ML: Do you consider your Mixtec heritage as something that is now more consciously part of you? How has it added to or modified your identity, being someone who grew up in Mexico City?

RJ: This experience has absolutely modified my identity. I believe my mother tried to protect me from the influence of machismo, alcoholism and physical violence in the story of the family when I was a kid. So I always saw the Mixtec Highlands as a playground, as a vacation place where I could be in touch with nature but never as something that was part of myself, just like in the story “Rosaura: memories of a Mixtec childhood.”

ML: What is the connection between the Mixtec Highlands and San Francisco?

RJ: These indigenous communities live in a system of perpetual discrimination, with limited access to education, services and specially justice, making them one of the main sources of immigrants to other states of Mexico and the United States, so San Francisco is one of the places where they come with the idea of have social mobility, I’m also going to present this project at the Oaxaqueño Youth Encuentro conference in Fresno next week and I’m really excited about making more connections between California and the Mixtec Highlands.

ML: How did the Mixtec Region affect your perception of indigenous communities and the way they are seen in central cities such as Mexico City or even San Francisco?

RJ: That’s a very interesting topic. Mexico maintains a rigid structure in the indigenous communities where social mobility has historically been nonexistent: First by the manors of pre-Hispanic societies, then by the colony after the Spanish conquest and nowadays by a political system that favors social relations of a power structure over the work of people. I’ve realized how very little things have changed for indigenous people in my country since hundreds of years.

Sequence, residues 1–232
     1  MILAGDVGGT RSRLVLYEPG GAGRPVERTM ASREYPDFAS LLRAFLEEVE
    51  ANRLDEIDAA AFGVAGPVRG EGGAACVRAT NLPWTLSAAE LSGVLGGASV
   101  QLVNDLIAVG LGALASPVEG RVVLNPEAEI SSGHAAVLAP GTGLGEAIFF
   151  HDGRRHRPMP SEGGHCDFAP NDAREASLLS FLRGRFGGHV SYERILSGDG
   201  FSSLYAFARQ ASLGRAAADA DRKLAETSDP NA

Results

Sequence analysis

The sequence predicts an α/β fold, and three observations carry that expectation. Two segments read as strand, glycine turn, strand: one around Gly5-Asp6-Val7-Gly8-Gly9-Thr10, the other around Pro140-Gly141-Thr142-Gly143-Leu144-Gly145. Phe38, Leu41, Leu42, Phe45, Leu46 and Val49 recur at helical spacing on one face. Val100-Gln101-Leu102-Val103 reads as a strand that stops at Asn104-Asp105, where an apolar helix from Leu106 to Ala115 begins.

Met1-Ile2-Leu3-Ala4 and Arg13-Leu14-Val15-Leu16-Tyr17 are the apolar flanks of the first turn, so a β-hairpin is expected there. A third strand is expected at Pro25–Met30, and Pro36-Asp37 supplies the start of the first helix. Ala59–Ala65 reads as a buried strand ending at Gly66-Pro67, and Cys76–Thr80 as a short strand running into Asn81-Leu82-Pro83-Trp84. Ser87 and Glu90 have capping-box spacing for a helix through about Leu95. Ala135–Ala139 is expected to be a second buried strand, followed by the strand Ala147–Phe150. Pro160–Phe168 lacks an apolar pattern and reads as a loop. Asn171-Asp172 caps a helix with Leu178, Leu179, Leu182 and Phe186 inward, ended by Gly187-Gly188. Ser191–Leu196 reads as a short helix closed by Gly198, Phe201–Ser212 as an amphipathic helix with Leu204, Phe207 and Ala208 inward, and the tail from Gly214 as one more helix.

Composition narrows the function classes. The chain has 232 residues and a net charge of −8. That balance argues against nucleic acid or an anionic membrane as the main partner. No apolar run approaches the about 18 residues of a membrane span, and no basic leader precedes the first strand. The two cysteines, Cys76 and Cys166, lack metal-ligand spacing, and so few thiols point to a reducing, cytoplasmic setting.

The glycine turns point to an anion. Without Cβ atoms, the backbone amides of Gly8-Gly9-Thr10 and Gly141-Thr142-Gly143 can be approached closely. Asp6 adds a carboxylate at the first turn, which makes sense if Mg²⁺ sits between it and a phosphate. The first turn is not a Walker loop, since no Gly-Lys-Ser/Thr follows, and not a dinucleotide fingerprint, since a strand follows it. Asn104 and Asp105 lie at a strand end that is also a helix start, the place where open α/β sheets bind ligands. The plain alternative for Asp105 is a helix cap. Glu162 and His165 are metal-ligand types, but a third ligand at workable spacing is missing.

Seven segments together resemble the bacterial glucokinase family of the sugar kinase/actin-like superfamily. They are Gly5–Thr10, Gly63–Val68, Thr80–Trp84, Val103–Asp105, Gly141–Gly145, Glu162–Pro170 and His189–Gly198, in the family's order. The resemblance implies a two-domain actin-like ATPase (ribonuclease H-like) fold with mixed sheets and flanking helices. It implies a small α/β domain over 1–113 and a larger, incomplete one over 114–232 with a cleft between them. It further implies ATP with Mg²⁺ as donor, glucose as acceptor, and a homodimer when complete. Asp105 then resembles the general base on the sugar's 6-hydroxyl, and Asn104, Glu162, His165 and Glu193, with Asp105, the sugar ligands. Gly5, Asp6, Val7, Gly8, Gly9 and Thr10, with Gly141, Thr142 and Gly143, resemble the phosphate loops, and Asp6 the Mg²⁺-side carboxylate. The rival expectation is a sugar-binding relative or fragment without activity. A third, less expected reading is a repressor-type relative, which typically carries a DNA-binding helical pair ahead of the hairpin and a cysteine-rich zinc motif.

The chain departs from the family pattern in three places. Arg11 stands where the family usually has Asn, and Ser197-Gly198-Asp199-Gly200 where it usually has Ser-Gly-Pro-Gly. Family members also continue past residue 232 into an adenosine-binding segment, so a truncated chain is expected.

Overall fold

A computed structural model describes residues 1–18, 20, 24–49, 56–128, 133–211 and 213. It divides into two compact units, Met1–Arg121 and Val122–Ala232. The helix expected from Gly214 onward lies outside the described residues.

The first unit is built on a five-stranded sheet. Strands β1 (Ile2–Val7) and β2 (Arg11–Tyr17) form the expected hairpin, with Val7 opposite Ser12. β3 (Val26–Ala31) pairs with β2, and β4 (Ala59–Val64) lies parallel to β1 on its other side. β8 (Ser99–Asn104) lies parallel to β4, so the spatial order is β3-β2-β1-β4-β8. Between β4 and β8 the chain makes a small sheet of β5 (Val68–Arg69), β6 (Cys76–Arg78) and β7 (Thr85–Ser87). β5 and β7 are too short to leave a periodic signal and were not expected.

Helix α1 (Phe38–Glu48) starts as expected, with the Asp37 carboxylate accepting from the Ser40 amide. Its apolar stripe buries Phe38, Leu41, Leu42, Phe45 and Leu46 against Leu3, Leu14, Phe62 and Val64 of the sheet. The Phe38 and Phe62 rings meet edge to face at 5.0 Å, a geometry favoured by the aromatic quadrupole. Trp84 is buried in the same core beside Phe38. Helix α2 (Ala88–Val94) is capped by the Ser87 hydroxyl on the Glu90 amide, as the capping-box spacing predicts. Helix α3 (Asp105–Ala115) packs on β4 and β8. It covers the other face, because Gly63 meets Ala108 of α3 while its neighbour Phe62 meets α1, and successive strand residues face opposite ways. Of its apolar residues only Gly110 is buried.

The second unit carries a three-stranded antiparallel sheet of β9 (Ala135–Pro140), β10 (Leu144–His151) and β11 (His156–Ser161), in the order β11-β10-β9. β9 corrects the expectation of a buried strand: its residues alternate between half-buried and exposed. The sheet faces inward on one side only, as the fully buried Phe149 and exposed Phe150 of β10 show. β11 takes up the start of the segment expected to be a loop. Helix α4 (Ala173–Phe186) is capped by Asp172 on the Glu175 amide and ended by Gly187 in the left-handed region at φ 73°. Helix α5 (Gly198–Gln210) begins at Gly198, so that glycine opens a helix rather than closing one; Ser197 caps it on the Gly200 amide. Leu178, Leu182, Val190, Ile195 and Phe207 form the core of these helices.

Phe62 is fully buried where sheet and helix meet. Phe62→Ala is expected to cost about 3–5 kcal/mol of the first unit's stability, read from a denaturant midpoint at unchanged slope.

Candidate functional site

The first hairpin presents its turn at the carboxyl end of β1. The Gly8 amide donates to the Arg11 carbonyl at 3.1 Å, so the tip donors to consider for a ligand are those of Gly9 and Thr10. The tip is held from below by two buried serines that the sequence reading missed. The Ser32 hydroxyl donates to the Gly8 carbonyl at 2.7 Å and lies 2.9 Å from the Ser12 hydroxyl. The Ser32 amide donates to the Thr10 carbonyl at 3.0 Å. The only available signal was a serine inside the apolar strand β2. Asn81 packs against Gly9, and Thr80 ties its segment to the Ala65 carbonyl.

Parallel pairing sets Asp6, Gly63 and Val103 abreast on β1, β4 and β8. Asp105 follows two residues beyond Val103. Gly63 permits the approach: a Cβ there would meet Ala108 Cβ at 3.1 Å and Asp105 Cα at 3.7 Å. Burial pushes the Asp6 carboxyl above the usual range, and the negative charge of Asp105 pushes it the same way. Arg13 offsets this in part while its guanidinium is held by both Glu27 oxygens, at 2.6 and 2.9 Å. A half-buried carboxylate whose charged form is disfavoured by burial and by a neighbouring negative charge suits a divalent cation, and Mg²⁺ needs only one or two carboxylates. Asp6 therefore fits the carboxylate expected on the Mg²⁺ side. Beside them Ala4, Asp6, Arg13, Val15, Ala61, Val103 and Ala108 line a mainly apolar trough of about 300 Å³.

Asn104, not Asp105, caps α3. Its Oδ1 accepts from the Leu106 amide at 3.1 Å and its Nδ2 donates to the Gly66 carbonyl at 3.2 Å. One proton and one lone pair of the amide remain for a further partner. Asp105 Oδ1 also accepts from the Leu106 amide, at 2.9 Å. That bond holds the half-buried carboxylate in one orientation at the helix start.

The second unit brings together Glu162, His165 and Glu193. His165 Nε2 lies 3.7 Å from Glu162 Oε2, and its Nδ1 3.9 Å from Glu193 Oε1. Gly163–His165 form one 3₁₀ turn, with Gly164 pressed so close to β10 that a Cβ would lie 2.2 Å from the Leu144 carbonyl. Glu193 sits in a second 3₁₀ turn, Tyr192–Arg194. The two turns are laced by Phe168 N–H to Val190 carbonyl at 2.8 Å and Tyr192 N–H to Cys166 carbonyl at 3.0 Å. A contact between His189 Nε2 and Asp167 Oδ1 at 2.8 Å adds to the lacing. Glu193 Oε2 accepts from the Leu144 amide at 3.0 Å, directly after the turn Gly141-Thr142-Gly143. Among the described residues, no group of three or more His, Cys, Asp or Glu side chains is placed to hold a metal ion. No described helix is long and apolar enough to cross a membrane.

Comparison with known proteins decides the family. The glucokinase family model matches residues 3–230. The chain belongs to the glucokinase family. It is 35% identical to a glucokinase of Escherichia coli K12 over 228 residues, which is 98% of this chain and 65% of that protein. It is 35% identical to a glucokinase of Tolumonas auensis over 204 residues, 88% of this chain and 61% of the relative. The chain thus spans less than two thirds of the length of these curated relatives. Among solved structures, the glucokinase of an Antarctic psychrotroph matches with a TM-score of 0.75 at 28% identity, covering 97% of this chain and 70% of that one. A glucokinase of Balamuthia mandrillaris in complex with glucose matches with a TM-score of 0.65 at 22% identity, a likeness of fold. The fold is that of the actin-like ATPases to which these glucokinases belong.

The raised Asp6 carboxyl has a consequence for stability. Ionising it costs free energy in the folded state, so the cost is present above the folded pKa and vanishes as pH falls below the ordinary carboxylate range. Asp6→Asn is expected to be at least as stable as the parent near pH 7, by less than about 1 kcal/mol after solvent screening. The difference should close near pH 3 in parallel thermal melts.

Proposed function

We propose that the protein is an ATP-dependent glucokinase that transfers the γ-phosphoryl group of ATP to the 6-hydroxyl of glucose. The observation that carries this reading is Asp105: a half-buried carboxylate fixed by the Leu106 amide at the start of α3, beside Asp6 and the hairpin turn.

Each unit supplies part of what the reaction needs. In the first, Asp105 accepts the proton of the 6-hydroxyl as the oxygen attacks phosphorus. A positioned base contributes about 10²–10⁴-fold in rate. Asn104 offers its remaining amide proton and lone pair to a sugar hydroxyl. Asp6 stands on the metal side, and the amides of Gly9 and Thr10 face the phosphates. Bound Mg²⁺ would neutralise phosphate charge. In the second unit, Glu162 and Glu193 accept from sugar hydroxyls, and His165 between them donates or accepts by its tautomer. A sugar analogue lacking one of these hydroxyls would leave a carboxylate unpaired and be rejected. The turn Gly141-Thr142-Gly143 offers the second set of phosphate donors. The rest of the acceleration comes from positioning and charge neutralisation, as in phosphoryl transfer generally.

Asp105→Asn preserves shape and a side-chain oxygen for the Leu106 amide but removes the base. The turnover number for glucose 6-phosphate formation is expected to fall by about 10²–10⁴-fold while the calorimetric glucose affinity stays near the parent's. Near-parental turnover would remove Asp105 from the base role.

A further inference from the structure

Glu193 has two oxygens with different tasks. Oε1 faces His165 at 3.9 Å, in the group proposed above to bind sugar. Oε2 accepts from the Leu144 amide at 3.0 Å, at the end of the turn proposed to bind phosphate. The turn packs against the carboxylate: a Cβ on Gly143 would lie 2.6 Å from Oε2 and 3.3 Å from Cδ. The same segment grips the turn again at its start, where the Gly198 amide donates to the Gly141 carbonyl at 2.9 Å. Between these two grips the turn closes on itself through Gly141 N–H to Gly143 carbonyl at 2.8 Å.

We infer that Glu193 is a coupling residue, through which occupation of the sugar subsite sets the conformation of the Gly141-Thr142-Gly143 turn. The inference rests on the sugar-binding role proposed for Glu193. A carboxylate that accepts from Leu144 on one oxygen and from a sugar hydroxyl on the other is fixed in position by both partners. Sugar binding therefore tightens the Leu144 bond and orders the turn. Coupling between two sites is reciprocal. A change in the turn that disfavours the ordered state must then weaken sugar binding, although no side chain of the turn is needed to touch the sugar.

ML: Can you talk a bit about the violence affecting the Mixteca region and their migration movement to the United States? Is it something that reflects in their music, food, language or daily stories?

RJ: Many of the problems are concentrated in specific areas such as in Mixtepec, a region where the money coming from the drug-lords mixes with the money of the migrants of the area, but there’s also a lot of violence in Mixtec towns that comes from politics. There’s an example of this in the story “Divided towns, divided lives

On the changes that come with migration, it’s interesting how the landscape is being transformed with the injection of money from the United States. You can see images of this in the story “Towns of immigrants: Imports.”

ML: Do you have any tips for success for other photojournalists that live in very expensive cities such as Mexico City, San Francisco or New York?

RJ: I’d say that I have advice for documentary photographers, which is to maintain a balance between commercial work — that will pay the rent (and keep your mind from overthinking) — and, at the same time, push to get involved in topics you feel curious about, look at everything that has been done about it and think about what you can do with your own style and resources. Then, use the little money you have to develop a project and then get advice from editors and other photographers in order to continue your project or develop the next one but always polishing your vision. I’d also recommend the book “Truth Needs No Ally: Inside Photojournalism” by Howard Chapnick.

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Andrea hails from Mexico City and lives in the Mission where she works as a community interpreter. She has been involved with Mission Local since 2009 working as a translator and reporter.